“We are also doing a lot of additions and full-house renos as the market is picking up. A lot more people are staying in their current areas that they like and updating their outdated homes,” she says. “Lot sizes in older communities can’t be beat. And having mature trees makes a real difference to the ambiance and value of a house.
“Everyone is interested in energy efficiency now, so we prioritize educating our clients on the options and encourage them to include extra insulation, triple-paned windows, solar tie-ins, in-floor heating and other ways to stretch their energy dollar.”
As with many aspects and dimensions of particularly Calgary-area business, the build or reno trend has been impacted by key influencers like the downturn and generational transitioning. Residential construction (more than ICI) is dealing with the festering boomers versus millennials factor.
“In Calgary, the generational dynamic seems to be moving slowly, overshadowed by economic factors,” Black says. “Boomers are more conditioned to be able handle the cycle as they have been through it before, however they may be relying on older habits as a way to deal with this downturn and the recovery. Millennials are not as conditioned by experience and are coming to terms with their first major downturn cycle.”
He points out that, when it comes to the economy and the effects on Calgary’s commercial real estate market, there is a definite impact, especially concerning vacancies. “There’s nothing like empty buildings with no quick end in sight to push investors into new endeavours.”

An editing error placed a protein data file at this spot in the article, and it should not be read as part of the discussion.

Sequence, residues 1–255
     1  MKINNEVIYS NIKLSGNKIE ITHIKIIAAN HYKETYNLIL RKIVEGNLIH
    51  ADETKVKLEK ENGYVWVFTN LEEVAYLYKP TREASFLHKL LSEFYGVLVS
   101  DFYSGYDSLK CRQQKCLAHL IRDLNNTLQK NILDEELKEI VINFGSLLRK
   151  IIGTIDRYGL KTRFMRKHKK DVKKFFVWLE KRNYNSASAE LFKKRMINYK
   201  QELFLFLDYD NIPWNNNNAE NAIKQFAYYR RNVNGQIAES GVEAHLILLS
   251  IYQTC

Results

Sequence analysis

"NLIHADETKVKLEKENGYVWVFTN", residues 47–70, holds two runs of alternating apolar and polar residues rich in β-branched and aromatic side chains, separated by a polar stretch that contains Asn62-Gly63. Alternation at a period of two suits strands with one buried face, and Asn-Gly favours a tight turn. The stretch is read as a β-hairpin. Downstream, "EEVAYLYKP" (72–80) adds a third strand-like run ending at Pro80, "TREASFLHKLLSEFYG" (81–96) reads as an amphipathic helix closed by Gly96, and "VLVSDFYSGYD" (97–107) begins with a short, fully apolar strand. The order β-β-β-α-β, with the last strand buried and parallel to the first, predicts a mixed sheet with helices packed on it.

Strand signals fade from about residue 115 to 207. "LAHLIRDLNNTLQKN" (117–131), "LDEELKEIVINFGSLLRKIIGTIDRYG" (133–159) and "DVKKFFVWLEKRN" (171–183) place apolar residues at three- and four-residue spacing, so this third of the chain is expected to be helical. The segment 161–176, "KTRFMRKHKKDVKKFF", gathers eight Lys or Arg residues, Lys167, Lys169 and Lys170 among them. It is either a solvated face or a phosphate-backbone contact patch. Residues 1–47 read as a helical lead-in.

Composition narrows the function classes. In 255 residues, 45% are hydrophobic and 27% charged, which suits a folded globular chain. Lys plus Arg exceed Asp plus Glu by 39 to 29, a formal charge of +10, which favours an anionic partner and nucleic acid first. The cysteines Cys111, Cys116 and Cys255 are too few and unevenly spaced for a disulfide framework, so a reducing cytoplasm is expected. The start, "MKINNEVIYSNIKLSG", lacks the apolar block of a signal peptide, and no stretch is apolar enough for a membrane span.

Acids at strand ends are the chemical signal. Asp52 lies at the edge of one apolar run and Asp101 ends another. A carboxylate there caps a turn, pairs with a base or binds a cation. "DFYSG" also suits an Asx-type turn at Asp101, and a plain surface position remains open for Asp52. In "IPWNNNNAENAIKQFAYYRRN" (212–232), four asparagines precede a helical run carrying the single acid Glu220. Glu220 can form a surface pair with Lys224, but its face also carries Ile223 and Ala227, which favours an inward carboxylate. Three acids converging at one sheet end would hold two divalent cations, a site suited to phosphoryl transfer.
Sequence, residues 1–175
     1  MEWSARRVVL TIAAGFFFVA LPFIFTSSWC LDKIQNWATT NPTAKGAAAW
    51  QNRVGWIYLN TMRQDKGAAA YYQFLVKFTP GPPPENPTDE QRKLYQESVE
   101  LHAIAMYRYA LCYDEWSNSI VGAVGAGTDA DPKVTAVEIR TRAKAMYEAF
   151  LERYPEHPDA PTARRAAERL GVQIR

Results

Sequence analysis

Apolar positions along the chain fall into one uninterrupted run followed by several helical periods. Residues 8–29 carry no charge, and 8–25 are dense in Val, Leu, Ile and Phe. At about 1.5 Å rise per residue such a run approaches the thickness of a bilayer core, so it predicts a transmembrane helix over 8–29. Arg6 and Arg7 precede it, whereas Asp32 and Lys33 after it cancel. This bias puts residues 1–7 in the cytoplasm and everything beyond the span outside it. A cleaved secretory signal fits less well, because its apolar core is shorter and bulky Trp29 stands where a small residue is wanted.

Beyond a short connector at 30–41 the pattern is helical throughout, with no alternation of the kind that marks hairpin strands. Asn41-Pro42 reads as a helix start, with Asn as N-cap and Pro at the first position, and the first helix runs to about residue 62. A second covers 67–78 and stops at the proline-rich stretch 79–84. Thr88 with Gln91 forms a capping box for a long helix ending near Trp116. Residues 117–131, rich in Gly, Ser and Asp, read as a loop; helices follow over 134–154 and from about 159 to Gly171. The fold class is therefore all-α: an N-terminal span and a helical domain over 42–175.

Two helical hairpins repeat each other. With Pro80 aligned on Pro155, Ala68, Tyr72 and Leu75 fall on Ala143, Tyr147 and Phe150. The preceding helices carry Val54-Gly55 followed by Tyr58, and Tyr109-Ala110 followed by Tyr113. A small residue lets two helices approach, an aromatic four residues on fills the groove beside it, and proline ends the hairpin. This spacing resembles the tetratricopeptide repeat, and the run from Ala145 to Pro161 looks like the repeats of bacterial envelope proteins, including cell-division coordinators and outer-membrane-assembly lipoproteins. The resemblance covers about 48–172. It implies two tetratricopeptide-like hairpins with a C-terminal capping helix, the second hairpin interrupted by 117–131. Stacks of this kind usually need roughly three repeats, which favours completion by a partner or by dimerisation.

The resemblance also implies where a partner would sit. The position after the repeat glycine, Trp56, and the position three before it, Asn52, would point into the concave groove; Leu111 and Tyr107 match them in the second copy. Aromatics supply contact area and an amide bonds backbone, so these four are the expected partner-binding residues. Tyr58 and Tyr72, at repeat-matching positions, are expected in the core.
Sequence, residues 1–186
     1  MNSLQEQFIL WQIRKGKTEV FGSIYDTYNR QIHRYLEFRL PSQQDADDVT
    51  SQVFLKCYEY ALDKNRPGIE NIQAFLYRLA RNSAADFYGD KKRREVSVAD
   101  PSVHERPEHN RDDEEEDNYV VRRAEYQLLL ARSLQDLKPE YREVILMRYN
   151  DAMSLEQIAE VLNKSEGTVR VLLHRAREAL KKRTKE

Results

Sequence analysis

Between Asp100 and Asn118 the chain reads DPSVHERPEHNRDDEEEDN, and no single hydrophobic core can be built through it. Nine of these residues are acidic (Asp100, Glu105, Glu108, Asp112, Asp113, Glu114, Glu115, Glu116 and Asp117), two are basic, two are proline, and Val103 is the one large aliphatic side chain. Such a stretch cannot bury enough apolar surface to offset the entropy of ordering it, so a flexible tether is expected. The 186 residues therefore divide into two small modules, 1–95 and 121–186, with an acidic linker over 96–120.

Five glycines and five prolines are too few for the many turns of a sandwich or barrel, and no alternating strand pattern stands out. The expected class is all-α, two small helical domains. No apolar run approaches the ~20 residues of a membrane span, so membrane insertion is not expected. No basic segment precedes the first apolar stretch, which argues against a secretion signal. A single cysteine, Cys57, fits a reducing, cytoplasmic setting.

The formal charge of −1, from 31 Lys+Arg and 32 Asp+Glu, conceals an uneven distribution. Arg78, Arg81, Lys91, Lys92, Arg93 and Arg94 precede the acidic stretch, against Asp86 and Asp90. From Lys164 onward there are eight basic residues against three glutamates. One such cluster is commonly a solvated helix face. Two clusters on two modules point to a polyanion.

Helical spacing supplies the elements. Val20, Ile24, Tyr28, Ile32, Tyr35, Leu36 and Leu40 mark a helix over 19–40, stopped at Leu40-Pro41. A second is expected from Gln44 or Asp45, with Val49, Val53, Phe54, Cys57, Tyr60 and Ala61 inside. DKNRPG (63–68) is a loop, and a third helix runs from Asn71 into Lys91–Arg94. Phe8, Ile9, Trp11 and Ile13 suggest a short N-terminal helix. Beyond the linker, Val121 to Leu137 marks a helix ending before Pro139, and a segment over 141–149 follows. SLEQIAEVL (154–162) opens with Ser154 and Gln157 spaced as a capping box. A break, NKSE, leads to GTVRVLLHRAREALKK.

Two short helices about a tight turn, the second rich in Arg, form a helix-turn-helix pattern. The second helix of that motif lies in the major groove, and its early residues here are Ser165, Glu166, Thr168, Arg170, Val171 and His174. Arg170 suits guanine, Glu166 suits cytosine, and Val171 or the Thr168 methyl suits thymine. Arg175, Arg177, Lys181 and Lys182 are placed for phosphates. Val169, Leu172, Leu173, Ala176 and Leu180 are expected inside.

Lenstra agrees that regional or global downturns impact the industry and everyone in it. “When it comes to the energy sector, Calgary’s fortunes go hand and hand with the price of oil. You can’t take out such a huge sector and not think it would have an effect on everybody around.”
She admits that the generational factor is huge, especially for the reno industry and cites, according to StatCan numbers, that millennials are expected to overtake boomers in population in 2019, as their numbers swell to 73 million and boomers decline to 72 million. “We are adjusting to the boomers retiring and the millennials coming in with different flows and work patterns. The affordability of the housing stock in Calgary is a real issue for younger buyers. Like in larger urban areas, we are seeing some renters investing in their rental properties when an owner won’t do so – bathroom renovations and kitchen upgrades – in long-term rentals that people expect to stay in for years to come.
“But home ownership is still a goal for high-earning young people and millennials who have parents interested in providing down payments on a house. This demographic puts an emphasis on multi-use spaces.”
The Calgary Construction Association suggests some key influencers when it boils down to the build or reno decision including: